Courts Disagree About Basic Work Product Principles: Part I

April 16, 2014

Ironically, federal courts disagree more about work product principles enunciated in a single federal rule than they do about the organically developed attorney-client privilege protection. This can create enormous uncertainty for litigants, who usually do not know in advance where they might face litigation, and therefore will not know what work product approach will apply.

Under Fed. R. Civ. P. 26(b)(3)(B), a court ordering disclosure of work product “must protect against disclosure of the mental impressions, conclusions, opinions, or legal theories of a party‚Äôs attorney or other representative concerning the litigation” (emphasis added). In Republic of Ecuador v. MacKay, the court described opinion work product as “‘virtually undiscoverable.'” 742 F.3d 860, 869 n.3 (9th Cir. 2014) (citation omitted). Less than two weeks later, the Tenth Circuit applied a greater degree of protection — bluntly stating that “[o]pinion work product is absolutely privileged.” Nevada v. J-M Mfg. Co., No. 13-1104, 2014 U.S. App. LEXIS 2532, at *7 n.2 (10thCir. Feb. 11, 2014). Less than two weeks after that, a district court applied a “near absolute protection” standard. Roa v. Tetrick, Case No. 1:13-cv-379, 2014 U.S. Dist. LEXIS 24619, at *6 (S.D. Ohio Feb. 24, 2014).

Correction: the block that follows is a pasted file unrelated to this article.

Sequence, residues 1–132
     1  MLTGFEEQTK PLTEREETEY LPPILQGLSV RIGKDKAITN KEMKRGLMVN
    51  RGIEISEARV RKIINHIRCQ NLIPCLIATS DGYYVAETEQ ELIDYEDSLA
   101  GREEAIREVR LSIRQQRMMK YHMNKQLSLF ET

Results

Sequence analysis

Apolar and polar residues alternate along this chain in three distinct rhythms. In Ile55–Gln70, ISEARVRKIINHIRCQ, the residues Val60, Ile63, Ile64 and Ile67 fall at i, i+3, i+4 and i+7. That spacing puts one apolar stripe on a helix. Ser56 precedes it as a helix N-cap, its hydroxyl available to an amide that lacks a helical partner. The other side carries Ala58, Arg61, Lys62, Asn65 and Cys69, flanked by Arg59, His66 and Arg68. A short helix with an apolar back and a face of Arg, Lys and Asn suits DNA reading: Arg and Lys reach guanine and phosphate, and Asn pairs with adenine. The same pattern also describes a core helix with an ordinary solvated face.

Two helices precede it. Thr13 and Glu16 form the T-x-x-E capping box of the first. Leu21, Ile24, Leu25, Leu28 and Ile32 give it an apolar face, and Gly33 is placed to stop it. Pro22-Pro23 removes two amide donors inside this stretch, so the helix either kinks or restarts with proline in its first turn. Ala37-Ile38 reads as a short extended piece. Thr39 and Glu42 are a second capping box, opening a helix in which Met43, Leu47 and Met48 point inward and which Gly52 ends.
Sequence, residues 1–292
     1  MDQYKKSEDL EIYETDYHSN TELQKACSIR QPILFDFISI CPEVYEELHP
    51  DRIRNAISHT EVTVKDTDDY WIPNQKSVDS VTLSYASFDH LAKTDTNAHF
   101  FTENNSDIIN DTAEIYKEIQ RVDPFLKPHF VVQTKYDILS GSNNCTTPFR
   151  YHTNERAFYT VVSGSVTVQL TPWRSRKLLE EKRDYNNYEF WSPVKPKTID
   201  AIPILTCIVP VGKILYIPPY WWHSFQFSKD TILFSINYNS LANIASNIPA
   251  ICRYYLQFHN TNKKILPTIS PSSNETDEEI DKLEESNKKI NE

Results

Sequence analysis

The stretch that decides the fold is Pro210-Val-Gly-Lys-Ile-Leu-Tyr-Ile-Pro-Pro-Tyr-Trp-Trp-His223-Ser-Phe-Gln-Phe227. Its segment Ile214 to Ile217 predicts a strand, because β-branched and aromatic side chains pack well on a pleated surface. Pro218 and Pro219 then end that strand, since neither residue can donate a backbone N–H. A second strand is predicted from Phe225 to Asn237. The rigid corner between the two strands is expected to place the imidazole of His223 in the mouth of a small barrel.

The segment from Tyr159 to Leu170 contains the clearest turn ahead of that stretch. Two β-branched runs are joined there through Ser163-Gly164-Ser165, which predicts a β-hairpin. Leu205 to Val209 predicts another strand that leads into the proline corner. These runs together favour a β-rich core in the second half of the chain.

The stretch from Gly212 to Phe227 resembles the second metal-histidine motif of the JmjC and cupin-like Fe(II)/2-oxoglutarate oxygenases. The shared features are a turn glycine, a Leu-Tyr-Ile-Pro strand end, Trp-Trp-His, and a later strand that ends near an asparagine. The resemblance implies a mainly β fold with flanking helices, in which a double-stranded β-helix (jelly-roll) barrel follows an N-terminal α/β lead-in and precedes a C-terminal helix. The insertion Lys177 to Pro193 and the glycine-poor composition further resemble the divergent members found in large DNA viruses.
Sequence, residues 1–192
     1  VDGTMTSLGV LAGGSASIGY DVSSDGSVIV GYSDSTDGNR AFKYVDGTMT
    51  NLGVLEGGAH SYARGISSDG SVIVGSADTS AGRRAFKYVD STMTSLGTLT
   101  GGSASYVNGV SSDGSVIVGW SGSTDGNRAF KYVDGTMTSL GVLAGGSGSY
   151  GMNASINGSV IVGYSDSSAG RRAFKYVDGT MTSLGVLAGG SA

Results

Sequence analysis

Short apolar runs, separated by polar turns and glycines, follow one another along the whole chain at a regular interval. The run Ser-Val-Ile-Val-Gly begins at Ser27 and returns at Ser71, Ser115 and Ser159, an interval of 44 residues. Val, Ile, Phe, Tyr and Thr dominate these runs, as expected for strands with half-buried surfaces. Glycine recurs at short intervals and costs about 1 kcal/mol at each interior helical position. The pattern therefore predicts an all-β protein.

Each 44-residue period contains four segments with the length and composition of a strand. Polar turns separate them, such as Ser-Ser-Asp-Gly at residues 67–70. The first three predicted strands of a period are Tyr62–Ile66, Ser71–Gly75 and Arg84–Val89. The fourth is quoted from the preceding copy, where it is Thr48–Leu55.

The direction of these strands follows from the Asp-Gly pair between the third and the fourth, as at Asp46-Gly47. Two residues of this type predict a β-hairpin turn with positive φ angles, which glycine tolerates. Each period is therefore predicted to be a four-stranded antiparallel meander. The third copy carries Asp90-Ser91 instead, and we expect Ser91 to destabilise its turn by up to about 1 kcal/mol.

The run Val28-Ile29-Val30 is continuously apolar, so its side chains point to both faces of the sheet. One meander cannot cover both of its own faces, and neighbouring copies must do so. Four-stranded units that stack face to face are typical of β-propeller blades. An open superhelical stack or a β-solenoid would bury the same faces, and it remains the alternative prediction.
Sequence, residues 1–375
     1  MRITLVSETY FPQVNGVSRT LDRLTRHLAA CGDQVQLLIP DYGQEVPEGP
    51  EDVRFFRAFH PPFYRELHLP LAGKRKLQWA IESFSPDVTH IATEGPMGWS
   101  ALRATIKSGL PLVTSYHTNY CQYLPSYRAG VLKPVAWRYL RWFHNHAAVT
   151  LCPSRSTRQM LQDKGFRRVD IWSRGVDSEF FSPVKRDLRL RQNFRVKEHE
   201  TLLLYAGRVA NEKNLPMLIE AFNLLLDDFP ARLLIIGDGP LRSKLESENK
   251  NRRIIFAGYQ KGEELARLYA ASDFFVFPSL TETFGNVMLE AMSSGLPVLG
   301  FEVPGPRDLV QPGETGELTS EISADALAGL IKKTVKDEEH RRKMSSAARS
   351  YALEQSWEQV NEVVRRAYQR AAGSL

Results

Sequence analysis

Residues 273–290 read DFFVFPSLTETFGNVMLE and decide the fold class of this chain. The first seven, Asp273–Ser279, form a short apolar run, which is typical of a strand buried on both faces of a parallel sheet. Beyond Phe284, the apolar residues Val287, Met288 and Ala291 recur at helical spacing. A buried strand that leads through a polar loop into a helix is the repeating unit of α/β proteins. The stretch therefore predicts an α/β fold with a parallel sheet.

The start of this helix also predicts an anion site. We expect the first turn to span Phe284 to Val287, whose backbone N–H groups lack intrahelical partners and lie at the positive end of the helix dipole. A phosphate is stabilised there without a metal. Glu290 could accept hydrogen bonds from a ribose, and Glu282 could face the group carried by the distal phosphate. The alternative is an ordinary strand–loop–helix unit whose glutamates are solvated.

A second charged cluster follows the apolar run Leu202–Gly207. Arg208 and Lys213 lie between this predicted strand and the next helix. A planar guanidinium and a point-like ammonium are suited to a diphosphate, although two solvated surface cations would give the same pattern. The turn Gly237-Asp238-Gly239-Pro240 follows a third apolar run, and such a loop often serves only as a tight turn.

Perhaps there is little practical difference between a “virtually undiscoverable,” “near absolute” and “absolutely privileged” standard, but one might expect courts to articulate the same approach. Next week’s Privilege Point will provide another example of courts’ disagreement about how to apply a single sentence in the federal rules.